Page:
5. What theater to pick (important). Usually you're not forced to choose between a theater and a movie, because the best houses show the best films. But the best houses are going fast. All the best places in New York are either going or gone: Loew's Lexington on 51st, where there was a pool of giant goldfish in the lobby and balconies piled to the roof; Loew's Paradise in the Bronx, with flickering lights in the domed ceiling; the Academy of Music, a converted opera house on East 14th, with its boxes reserved for kings.
Choose an old theater if you can find one - one that was built when they still worried about movies being low culture. Lacking that, choose places like the Biograph, the K-B MacArthur, the Uptown or the Circle theaters in Washington, where the owners show some feeling for moviegoing. The purpose of a movie, at least a good one> is to bring you close to the truth, which usually requires an excursion into the past. To watch a movie in an insistently modern setting goes against the grain.
6. How many at once. Nowadays seeing one movie is preferable to a double feature. That's mainly because double features today mean reruns, which usually mean two good, sometimes excellent, movies; and the excellences compete. In the old days a double feature meant one good movie accompanied by a lousy one, which allowed you to luxuriate in the art of moviegoing, more than in the movies themselves. Of course, the best thing was a "countinuous performance? consisting of short features such as Pete Smith specials, newsreels, cartoon (five of six), and two long adventure movies, at least one starring Sabu. I sat through "Kim" four times, and walked home cockeyed. but that was when they made movies like Kim - which brings us to . . .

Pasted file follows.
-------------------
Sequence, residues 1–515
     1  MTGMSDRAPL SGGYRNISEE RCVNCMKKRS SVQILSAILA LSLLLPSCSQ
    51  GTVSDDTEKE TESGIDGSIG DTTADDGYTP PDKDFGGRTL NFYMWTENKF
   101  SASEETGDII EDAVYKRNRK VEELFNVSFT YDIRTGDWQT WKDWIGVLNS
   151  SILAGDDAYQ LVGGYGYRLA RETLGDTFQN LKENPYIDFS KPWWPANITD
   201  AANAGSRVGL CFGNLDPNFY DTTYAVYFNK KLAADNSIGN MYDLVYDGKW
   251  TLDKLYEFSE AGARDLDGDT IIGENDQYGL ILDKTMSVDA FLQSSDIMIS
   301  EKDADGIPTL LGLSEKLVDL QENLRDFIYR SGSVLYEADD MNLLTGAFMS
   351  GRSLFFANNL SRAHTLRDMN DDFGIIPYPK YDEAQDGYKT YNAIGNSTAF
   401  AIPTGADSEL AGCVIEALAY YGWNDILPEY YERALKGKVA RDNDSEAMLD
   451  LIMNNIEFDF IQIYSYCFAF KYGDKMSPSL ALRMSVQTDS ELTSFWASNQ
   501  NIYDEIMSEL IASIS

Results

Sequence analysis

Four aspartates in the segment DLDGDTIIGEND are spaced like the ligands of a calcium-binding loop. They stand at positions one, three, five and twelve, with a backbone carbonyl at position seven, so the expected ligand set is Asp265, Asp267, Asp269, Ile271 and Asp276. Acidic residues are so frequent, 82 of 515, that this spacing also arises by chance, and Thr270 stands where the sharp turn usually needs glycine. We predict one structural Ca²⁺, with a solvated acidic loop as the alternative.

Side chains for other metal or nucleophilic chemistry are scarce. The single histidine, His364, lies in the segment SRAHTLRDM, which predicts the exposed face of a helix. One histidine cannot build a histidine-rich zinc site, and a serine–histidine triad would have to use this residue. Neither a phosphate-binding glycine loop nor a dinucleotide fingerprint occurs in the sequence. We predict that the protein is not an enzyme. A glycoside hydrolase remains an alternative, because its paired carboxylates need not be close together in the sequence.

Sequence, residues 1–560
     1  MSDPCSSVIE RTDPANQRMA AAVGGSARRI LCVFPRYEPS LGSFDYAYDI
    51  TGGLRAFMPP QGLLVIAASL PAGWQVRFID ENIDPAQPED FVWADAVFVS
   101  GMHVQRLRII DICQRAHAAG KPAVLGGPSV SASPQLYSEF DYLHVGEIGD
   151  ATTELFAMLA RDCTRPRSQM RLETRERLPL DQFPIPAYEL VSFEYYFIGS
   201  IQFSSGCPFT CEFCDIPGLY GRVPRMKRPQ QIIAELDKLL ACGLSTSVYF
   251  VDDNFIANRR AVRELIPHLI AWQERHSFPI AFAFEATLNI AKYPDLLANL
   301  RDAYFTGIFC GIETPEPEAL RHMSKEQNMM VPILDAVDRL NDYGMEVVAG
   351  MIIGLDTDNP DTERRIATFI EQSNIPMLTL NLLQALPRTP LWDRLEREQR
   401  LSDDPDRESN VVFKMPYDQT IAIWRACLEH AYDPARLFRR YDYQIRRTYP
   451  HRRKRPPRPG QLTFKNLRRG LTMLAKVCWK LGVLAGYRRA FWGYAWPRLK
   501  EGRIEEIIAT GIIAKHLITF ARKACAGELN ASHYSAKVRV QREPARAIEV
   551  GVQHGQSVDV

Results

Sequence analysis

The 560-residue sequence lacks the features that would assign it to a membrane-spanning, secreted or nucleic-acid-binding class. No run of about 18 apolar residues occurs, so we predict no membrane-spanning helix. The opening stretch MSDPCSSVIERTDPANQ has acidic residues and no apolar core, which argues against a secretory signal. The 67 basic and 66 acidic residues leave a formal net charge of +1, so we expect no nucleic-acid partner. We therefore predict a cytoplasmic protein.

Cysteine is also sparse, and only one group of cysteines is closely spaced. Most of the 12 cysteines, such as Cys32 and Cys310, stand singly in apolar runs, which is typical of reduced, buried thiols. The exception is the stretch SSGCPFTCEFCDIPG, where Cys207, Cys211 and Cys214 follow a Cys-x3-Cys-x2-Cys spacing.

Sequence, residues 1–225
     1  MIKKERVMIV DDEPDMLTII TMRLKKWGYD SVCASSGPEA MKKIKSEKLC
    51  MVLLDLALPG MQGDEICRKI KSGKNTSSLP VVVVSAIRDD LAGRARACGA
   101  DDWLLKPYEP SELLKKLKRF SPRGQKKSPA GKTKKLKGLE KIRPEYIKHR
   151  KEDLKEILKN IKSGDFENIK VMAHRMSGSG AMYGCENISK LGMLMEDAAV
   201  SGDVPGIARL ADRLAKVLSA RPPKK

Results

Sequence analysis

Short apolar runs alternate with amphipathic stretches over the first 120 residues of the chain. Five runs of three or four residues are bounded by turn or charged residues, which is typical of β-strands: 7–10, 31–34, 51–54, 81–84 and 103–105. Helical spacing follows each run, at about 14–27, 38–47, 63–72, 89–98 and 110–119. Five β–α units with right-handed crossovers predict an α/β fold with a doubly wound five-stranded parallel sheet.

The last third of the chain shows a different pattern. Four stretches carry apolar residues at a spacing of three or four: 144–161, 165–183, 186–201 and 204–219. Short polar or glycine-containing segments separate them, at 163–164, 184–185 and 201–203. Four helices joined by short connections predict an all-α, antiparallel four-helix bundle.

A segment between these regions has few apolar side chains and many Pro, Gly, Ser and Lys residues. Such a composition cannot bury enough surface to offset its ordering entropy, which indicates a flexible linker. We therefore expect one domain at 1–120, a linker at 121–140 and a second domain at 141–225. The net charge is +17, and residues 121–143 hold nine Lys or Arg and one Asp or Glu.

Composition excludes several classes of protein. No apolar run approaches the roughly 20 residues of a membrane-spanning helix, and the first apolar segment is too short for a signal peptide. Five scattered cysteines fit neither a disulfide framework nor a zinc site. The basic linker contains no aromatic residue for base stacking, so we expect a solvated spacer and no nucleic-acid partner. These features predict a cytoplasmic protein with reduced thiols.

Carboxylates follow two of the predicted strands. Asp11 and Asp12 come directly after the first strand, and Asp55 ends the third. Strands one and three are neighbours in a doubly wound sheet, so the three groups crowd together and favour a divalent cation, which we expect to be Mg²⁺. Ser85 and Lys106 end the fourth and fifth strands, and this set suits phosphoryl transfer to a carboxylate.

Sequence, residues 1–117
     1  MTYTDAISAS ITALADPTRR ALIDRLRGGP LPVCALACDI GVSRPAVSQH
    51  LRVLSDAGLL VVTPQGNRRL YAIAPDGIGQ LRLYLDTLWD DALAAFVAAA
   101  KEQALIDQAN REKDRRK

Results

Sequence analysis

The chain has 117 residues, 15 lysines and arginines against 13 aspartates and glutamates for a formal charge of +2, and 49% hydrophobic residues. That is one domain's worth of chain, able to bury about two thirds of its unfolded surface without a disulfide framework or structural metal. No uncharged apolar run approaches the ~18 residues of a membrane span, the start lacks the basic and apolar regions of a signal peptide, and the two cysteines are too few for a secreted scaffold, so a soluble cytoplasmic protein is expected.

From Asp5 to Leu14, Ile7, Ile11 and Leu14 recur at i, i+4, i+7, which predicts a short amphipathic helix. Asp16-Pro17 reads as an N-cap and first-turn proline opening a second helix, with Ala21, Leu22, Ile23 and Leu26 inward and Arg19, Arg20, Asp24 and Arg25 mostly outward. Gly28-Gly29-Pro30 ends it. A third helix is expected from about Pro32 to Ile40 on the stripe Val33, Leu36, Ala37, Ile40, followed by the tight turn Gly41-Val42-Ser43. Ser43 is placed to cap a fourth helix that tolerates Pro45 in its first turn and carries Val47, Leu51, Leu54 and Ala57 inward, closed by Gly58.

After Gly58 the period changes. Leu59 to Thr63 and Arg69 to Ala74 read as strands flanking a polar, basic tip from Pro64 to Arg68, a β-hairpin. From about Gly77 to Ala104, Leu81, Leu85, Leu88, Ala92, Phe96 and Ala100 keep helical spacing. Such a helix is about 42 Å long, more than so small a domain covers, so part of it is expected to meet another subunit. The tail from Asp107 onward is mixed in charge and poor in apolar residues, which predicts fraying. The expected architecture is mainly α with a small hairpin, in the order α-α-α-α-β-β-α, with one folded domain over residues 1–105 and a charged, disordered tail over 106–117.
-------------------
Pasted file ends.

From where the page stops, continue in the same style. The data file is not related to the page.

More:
7. What to see. There's a finite number of movies worth seeing, and the rest aren't; so I'll just present a list:
All Alfred Hitchcock movies, except "Mountain Eagle," "Topaz" and "Torn Curtain"; "The Asphalt Jungel"; "Some like it hot"; all Alec Guinness movies except "the Swan"; "Singin' in the Rain"; "The Wizard of Oz"; "Humoresque"; "Stairway to Heaven"; no Gregory Peck movies (except those made for Hitchcock); all Marx Brothers pictures; all movies made of Dickens novels except the abominable "Quilp"; all Tracy-Hepburns except "Guess Who's Coming to Dinner?; all Ernest Lubitsch except "That Lady in Ermine"; all W. C. Fields;" "It Happened One Night"; "Twenty-three Paces to Baker Street"; "Nightmare Alley"; "The Third Man"; "Double Indemnity"; all Basil Rathbone Sherlock Holmes movies; all William Powell-Myrna Loy "Thin Man" movies; all Peter Lorre movies before and including "Silk Stockings"; most of the movies of Jean Arthur, James Stewart, Hope and Crosby, Jean Harlow, Ronald Coleman, Herbert Marshall, Bette Davis, Charles Laughton, Barbara Stanwick, Leslie Howard, Robert Donat, James Mason, Edward G. Robinson, George Arliss, Madeleine Carroll, Cecil Parker, Alastair Sim, Claude Rains, and the Barrymores; all the movies of Fred Astaire up to and including "Notorious Landlady"; all of Orson Welles up to and including "Touch of Evil"; no Rod Steiger, especially "The Pawnbroker"; and all of Carole Lombard, including stills.
Finally: How to leave. Leaving a theater after a movie is like ascending from the underworld, so you must move carefully, and take the incline as if you were walking in a procession. You are about to re-enter reality, which is no joke, and you must try to hold it off as long as possible. Look neither to the right nor left, but straight ahead or a little down. Above all, speak to no one. You have nothing to say you wish to hear.